What counts as needs?
Another major issue raised by the expenditure data is the definition of basic needs. It is important for us to understand what are considered basic needs by members of society at a particular point in time, and the extent to which these needs are being met, especially among lower-income groups. The income and expenditure data should be compared with Minimum Income Standards (MIS) or other similar benchmarks of what people need for a basic standard of living in Singapore today. While we have carried out MIS research in relation to older households, we intend to replicate this research across other household types.
Expenditure data alone may give us insights into what is most commonly owned or purchased, but it may fail to account for needs which people currently forego. What people need must not be conflated with what people can afford. Moreover, unlike qualitative research using the MIS method, expenditure data alone cannot reflect and take into account the rationales and social norms that explain why something is a need.
Needs evolve with society
What constitutes ‘needs’ are context specific, and can and do change over time.
We must recognise that as a society’s living standards and lifestyles change, so too do the requirements for belonging and participating in society. Something which was not a basic need before may have become a basic need now because not having that item would make it difficult for someone to participate in society.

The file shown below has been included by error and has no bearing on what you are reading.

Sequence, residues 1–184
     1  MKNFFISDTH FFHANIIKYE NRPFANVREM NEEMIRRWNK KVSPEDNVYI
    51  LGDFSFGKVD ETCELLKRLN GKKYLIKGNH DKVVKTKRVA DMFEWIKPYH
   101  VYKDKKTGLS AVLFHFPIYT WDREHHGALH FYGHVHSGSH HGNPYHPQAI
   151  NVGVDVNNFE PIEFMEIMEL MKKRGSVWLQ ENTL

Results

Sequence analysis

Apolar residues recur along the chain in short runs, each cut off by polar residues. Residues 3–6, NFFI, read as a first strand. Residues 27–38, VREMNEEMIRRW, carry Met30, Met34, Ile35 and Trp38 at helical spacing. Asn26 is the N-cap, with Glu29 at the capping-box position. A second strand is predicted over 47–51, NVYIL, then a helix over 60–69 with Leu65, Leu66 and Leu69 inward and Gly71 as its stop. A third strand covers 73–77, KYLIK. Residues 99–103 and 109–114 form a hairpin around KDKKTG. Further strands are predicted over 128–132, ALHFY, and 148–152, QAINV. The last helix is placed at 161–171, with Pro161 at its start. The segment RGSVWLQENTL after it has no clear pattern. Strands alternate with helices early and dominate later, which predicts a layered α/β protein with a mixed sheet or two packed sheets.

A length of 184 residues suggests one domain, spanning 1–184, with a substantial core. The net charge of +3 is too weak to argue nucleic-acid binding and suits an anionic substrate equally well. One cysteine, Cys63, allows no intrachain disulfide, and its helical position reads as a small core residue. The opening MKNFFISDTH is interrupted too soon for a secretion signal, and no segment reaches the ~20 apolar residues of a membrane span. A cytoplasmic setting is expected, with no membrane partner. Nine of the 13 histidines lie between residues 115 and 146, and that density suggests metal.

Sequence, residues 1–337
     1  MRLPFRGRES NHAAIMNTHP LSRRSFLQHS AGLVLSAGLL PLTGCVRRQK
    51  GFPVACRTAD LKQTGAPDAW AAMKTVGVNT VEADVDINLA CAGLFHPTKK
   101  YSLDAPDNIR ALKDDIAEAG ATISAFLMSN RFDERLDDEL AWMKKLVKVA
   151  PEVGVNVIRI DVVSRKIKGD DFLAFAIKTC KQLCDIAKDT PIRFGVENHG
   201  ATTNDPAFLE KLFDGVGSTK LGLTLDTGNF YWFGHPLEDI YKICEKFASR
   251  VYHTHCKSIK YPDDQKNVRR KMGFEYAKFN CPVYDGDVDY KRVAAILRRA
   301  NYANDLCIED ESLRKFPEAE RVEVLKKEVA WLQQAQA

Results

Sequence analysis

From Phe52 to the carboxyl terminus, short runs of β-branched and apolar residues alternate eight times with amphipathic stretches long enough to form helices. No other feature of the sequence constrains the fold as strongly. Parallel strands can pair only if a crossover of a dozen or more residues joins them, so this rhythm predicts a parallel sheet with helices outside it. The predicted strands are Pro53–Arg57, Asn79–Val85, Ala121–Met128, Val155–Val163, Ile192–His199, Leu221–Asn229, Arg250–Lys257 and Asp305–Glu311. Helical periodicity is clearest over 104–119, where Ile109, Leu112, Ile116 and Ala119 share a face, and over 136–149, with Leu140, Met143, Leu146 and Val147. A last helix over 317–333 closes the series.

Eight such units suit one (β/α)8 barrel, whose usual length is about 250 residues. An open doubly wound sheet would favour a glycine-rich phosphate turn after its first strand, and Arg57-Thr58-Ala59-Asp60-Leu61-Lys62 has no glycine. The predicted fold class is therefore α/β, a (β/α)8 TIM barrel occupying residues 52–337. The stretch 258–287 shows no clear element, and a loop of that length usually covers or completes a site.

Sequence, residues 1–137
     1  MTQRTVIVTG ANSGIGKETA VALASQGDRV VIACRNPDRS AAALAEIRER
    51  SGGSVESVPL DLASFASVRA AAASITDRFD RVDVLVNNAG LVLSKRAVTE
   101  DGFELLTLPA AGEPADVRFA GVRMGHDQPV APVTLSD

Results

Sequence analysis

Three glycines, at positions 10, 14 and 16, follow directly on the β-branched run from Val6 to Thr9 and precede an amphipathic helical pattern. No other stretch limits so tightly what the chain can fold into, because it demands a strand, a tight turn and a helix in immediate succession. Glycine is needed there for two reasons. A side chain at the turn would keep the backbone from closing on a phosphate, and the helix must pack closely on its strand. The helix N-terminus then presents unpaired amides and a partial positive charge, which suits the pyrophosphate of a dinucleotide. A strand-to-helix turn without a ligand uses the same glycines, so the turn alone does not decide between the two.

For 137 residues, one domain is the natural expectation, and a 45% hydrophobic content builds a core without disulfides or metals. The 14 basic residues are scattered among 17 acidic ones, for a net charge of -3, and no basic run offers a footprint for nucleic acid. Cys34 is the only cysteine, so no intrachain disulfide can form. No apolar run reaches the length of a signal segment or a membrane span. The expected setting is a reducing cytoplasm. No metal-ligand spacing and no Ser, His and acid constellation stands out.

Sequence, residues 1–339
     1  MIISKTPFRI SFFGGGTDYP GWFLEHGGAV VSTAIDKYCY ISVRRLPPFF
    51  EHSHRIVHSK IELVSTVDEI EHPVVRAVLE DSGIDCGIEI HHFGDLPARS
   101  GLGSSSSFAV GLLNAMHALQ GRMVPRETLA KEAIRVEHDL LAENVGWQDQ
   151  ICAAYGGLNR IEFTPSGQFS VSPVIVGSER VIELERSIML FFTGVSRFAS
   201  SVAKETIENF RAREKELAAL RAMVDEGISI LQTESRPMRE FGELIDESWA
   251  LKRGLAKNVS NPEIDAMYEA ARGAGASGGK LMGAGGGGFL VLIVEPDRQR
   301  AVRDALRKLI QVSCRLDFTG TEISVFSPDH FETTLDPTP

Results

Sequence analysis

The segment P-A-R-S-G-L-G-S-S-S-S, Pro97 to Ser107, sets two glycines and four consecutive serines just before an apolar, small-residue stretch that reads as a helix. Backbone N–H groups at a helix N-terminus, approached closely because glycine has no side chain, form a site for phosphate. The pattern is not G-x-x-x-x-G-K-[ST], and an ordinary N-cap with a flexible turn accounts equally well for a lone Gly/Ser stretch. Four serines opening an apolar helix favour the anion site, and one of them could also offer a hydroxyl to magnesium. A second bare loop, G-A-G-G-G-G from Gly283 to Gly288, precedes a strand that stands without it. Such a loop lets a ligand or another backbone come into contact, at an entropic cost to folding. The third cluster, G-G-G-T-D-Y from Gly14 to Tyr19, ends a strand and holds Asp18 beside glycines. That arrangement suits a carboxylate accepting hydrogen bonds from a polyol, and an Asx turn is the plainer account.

In our research into basic needs for older households, for example, our respondents reminded us that they did not consider mobile phones and internet access to be basic ten years ago. But in Singapore today, one would struggle to function in society without them. Many day-to-day transactions and interactions presume that people have internet access. On the other hand, newspaper subscriptions are no longer considered needs. Items that used to be part of belonging and participation in society may cease to be necessary as society changes. To keep pace with these changes, it is important that research into the definition of needs is updated on a regular basis.
It is clear that income is a key means of meeting needs and thus a central determinant of well-being in Singapore today. To ensure everyone has sufficient income to meet basic needs, as a society, we need to review wages and redistribution–taxing and spending. To peg such policies to clear standards of adequate well-being, we also need a well-defined and regularly updated baseline of basic needs.
Welcome to my new website. I have set this page up as a place to share links and information about my books, op-eds, and research.
May also saw the launch of “What older people need in Singapore: A households budgets study”, a Minimum Income Standard research project I undertook with collaborators, Ng Kok Hoe, Neo Yu Wei, and Ad Maulod. Please watch and share this short explainer video:
Finally, I have been involved with Academia.sg, a new initiative which several scholars have launched to promote Singapore studies and to encourage critical debate about the state of intellectual life in Singapore.
You can find out more about my other books and publications at this page, which I will update from time to time. I will also post links to my op-eds on this blog. Thank you for reading.